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I need help formatting numbers in a specific way.

If a number has 3 digits or less, I would like it to remain the same.

If a number has more than three digits, I would like it place a decimal after the third decimal.

For instance:

123 --> Stays the same
1234 --> 123.4
1234567 --> 123.4567

I am using SQL Server and want to UPDATE the value in the table. The value is stored as a numeric.

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Do you mean SQL Server 2008? –  JNK Jun 13 '12 at 18:49
    
You say it's stored as numeric - can you clarify? What is the source type of the value, and what should the target type be? –  Mark S. Rasmussen Sep 11 '12 at 12:34
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4 Answers

Assuming they are all ints and you always want the first three digits to appear before the decimal:

WITH n(r) AS (
  SELECT 123 UNION ALL SELECT 1234 UNION ALL SELECT 1234567
)
SELECT LEFT(r, 3) + CASE 
  WHEN LEN(r) > 3 THEN '.' + SUBSTRING(RTRIM(r),4,38) ELSE '' END 
FROM n;
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SUBSTRING(...,12) because an INT can be no more than 12 digits long, right? Is there an easy way to generalize this to handle numbers of any type and precision? –  Nick Chammas Jun 13 '12 at 19:05
1  
Sure, make it 38 :-) My point about them being ints was that they weren't strings and/or didn't already have a decimal place potentially. –  Aaron Bertrand Jun 13 '12 at 19:06
    
Interesting use of a CTE to answer this question, @AaronBertrand I would never have thought of a CTE as a temporary table in that way. –  Max Vernon Sep 11 '12 at 3:00
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update YourTable
set YourNumericCol = 
    case
        when len(cast(YourIntCol as varchar(30))) > 3
            then cast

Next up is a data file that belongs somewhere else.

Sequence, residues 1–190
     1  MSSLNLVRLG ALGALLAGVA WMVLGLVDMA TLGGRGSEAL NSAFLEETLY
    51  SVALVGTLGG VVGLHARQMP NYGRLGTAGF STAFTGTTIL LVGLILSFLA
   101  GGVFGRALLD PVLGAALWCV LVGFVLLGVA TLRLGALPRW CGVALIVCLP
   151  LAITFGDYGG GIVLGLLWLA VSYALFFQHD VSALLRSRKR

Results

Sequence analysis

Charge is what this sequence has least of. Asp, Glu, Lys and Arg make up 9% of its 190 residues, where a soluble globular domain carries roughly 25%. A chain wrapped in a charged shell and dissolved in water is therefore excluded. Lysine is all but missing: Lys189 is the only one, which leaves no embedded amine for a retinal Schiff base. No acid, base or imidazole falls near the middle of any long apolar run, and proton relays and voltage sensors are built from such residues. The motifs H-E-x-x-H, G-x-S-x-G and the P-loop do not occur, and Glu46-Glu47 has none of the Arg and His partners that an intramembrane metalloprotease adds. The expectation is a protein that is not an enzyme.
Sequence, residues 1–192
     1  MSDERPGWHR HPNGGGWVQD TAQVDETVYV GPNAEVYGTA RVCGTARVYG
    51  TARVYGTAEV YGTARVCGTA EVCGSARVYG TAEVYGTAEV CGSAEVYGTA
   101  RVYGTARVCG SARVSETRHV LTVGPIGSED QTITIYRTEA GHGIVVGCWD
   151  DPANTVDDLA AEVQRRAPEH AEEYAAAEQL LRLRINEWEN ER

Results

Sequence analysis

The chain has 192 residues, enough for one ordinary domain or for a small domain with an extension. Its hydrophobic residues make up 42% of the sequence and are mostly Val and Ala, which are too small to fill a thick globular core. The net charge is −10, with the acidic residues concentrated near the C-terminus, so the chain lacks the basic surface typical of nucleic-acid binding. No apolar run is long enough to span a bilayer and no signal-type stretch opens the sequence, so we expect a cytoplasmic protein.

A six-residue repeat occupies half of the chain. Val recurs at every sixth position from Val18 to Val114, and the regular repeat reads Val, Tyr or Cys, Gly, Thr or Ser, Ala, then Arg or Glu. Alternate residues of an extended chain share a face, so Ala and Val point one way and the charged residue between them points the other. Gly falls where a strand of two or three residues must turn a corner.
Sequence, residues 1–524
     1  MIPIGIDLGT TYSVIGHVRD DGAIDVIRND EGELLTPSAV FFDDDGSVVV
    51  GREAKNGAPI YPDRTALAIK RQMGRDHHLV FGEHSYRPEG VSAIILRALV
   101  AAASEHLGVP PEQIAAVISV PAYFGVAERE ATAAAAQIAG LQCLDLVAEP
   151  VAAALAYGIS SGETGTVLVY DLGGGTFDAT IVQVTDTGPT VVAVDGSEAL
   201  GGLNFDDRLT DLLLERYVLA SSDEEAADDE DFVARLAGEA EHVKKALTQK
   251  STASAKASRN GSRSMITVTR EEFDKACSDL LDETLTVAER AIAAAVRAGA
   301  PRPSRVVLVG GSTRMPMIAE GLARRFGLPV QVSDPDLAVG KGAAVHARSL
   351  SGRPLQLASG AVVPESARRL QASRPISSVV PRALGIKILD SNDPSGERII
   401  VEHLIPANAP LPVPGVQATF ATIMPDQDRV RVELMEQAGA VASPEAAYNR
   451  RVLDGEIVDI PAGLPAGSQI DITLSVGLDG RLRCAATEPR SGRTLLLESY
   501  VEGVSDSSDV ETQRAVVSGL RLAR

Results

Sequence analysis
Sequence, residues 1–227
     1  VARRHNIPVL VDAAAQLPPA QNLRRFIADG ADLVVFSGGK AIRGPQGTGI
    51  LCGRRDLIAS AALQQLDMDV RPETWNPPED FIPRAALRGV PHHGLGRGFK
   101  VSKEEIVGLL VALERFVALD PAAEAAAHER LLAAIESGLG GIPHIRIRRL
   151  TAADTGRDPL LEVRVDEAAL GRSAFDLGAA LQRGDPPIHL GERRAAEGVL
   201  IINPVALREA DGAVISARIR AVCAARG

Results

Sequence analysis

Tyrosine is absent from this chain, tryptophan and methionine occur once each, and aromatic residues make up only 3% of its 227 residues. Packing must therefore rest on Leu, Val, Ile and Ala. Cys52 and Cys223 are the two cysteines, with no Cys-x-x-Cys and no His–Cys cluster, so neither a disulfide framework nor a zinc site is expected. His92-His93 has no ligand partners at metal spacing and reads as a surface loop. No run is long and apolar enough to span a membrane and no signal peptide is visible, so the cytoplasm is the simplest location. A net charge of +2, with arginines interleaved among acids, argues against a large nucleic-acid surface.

(
                left(cast(YourIntCol as varchar(30)), 3) + 
                    '.' +
                    right(cast(YourIntCol as varchar(30)), 
                        len(cast(YourIntCol as varchar(30))) - 3)
                as numeric(12, 4)
            )
        else
            YourIntCol 
    end
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How about STUFF? eg

SELECT y, ISNULL( STUFF( y, 4, 0, '.' ), y )
FROM
    (
    VALUES ( 123 ), ( 1234 ), ( 1234567 )
    ) x(y)
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Since the number is numeric and will be stored in the same numeric column, this is is an arithmetic transformation rather than a formatting change. The value does need to be converted to a character in order to get its length, but not for the value change itself.

UPDATE t1 SET c1 = c1/Power(10,Len(Floor(c1/100))-1);

or

WITH t1(c1) AS (
   SELECT 12 UNION ALL 
   SELECT 123 UNION ALL 
   SELECT 1234 UNION ALL 
   SELECT 12345 UNION ALL 
   SELECT 123456 UNION ALL 
   SELECT 1234567
)
SELECT c1/Power(10,Len(Floor(c1/100))-1) FROM t1;
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sqlfiddle.com/#!3/0e9da/7 –  Leigh Riffel Sep 11 '12 at 17:45
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